Notably, Technology shares were laggards during the month, gaining a mere +1.15%, as Facebook, Apple, Google, and Microsoft underperformed the market, supporting the sector rotation theme that may be in play after Tech stocks have gained +38.82% YTD.
International equities posted positive returns in November, with both Developed International and Emerging Markets equities in the black. Developed Markets, as measured by the MSCI EAFE Index, rose +1.08%, while Emerging Markets, as measured by the MSCI EM Index eked out a +0.21% return.
From a regional standpoint, the Eurozone, as measured by the MSCI EMU Index, rose +0.03% in USD terms, and -2.02% in EUR terms, as concerns over Brexit talks and German elections continue to dominate what has otherwise been a continued streak of strong economic fundamentals in the region.
From an individual country perspective, the U.K. (FTSE 100 Index) and Japan (Nikkei 225 Index) posted returns of -0.03% and +4.31% in USD terms, but returned -1.78% in GBP terms and +3.24% in JPY terms, respectively on the month. The U.K. continues to deal with uncertainties from Brexit, a recent interest rate hike, and deteriorating fundamentals. Additionally, a volatile GBP has added uncertainty to investing in U.K. equities as a U.S. based investor. As far as Japan is concerned, economic momentum remains strong across the board and the Bank of Japan continues to maintain Yield Curve Control (YCC) giving Japanese equities a stable monetary policy backdrop.
Emerging Markets continue to post positive returns and remain the world’s best performing major market index, up +32.88% year to date. Within the broad MSCI Emerging Markets Index, performance attribution can be boiled down to exposure to China and the Technology sector. While the widely followed Shanghai Composite Index has returned +9.08% YTD in CNY terms, and +14.61% in USD terms, the broader MSCI China index has gained +51.41% in USD terms. Almost more importantly, exposure to Technology stocks such as Samsung, Tencent, Taiwan Semiconductor, and Alibaba (to name a few) have provided outsized returns and positive attribution, having returned +56.36%, +109.15%, +37.49%, and +99.86% YTD in USD terms.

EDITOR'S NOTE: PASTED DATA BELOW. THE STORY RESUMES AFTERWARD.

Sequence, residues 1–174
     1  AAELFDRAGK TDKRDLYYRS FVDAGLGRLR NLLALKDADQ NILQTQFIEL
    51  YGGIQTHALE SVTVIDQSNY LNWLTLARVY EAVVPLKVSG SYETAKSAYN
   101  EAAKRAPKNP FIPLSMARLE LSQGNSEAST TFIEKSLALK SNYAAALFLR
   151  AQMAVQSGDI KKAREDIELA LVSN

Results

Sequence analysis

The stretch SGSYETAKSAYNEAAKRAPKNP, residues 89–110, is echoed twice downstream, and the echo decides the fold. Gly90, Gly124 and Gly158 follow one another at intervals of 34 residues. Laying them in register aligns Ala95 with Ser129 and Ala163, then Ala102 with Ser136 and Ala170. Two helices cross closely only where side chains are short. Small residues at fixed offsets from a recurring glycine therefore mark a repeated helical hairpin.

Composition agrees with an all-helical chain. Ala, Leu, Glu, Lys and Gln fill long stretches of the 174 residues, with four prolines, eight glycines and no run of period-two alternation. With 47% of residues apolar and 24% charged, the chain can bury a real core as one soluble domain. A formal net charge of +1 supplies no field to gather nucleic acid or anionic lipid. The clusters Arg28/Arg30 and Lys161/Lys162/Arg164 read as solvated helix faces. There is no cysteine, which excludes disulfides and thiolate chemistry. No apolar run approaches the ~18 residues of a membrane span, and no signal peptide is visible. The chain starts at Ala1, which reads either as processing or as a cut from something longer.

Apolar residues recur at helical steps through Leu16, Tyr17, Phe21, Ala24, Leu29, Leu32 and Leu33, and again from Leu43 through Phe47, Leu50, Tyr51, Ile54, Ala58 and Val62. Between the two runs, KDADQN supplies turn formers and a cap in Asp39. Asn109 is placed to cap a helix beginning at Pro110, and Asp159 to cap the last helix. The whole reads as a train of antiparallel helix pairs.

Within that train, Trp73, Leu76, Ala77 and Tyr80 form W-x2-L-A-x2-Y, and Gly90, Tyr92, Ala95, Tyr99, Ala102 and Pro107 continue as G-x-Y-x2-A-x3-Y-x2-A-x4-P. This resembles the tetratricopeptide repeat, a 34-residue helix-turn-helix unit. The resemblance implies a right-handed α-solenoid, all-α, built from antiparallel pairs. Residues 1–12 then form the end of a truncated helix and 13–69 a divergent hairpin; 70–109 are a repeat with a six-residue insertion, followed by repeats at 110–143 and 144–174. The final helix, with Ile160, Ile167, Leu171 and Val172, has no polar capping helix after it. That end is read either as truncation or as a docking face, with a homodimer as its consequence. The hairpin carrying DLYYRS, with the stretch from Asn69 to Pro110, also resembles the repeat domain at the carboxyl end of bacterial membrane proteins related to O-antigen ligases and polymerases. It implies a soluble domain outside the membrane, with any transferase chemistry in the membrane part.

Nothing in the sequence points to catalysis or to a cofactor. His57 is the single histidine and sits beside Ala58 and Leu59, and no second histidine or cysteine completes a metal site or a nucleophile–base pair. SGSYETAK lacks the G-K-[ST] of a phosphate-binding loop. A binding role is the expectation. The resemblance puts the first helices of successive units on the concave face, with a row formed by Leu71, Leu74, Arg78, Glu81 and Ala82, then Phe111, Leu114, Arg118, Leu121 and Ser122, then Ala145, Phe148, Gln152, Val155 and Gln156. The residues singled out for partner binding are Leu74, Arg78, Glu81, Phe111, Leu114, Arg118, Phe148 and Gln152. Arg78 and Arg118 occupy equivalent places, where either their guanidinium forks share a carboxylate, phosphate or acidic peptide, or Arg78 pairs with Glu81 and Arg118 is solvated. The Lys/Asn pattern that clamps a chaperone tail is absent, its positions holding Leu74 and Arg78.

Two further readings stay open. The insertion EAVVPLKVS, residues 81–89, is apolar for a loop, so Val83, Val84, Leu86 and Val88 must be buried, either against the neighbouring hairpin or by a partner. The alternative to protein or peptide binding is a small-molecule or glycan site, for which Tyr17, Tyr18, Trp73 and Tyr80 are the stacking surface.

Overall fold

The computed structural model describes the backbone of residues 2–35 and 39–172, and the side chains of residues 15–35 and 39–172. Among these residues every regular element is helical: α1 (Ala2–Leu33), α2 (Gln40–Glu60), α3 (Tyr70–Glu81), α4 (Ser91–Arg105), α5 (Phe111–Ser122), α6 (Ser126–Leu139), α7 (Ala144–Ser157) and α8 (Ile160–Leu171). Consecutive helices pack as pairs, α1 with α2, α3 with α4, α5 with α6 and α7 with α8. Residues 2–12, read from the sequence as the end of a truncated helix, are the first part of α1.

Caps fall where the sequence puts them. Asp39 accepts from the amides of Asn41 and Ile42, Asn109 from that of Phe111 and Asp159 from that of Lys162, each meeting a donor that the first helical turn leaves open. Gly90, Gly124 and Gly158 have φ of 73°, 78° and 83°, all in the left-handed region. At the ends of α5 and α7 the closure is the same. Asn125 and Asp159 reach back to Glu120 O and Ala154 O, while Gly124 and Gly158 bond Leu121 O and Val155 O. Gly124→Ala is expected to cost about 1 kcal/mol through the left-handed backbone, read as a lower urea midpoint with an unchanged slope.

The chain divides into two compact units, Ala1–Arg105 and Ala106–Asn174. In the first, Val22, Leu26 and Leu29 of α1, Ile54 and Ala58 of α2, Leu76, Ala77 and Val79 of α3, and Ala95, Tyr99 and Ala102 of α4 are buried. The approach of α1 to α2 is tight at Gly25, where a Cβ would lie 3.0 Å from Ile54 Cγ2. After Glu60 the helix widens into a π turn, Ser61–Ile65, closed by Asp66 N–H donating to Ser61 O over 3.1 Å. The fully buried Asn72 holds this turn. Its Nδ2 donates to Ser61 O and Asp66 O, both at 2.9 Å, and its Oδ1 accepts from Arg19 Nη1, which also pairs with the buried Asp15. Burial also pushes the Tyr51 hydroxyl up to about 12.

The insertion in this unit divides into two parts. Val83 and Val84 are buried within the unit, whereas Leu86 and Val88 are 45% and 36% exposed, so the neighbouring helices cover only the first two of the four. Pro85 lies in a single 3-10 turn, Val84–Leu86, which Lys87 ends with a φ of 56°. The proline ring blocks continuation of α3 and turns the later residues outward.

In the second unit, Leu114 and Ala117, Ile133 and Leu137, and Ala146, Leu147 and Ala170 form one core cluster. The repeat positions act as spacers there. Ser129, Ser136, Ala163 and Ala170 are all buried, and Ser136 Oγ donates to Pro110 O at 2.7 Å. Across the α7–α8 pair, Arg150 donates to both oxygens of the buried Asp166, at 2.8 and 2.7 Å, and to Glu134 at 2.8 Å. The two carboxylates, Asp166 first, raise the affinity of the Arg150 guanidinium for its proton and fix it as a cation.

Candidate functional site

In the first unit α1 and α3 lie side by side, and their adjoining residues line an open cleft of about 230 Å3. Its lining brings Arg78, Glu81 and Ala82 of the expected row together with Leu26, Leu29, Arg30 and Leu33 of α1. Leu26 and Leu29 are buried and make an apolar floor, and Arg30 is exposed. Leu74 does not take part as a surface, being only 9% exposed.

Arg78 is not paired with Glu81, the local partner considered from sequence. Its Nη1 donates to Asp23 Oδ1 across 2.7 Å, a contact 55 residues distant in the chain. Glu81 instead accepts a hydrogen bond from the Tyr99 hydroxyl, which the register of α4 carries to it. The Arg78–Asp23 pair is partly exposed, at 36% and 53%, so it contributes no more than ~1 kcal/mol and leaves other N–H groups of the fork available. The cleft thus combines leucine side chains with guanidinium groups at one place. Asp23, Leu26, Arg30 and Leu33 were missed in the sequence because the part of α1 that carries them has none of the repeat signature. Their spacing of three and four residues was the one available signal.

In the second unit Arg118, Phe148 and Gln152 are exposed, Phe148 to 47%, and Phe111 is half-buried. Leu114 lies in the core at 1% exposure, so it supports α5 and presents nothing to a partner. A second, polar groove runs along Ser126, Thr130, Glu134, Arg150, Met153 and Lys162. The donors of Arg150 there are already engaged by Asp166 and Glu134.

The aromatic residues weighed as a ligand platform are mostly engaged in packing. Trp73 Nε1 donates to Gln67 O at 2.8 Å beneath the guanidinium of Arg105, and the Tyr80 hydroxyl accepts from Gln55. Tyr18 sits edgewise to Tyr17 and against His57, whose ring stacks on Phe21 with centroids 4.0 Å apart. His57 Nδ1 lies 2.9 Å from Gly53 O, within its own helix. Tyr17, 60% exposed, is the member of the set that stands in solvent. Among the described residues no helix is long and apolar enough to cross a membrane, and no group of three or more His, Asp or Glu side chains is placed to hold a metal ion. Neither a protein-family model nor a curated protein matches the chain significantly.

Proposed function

Emerging Markets continue to be led by robust earnings growth and remain attractively valued on a relative and absolute basis versus other major global equity markets. Furthermore, for those believers in mean reversion (like us!) the S&P 500’s annualized return of +15.73% per year over the trailing 5-year period dwarfs the MSCI EM Index annualized return of +4.96% per year over the same period, adding to the allure of Emerging Market equities in 2018 and beyond.
Yields rose coming into month end, as the congressional tax plan seemed to be picking up momentum. Originally, the President had hoped to have it signed by Thanksgiving. Of course, that was overly ambitious and failed to happen. A secondary concern that may be influencing yields is the revival of the debt ceiling debate. The President bought himself some time when he made the agreement to extend it a few months, but its year-end reappearance is not ideal.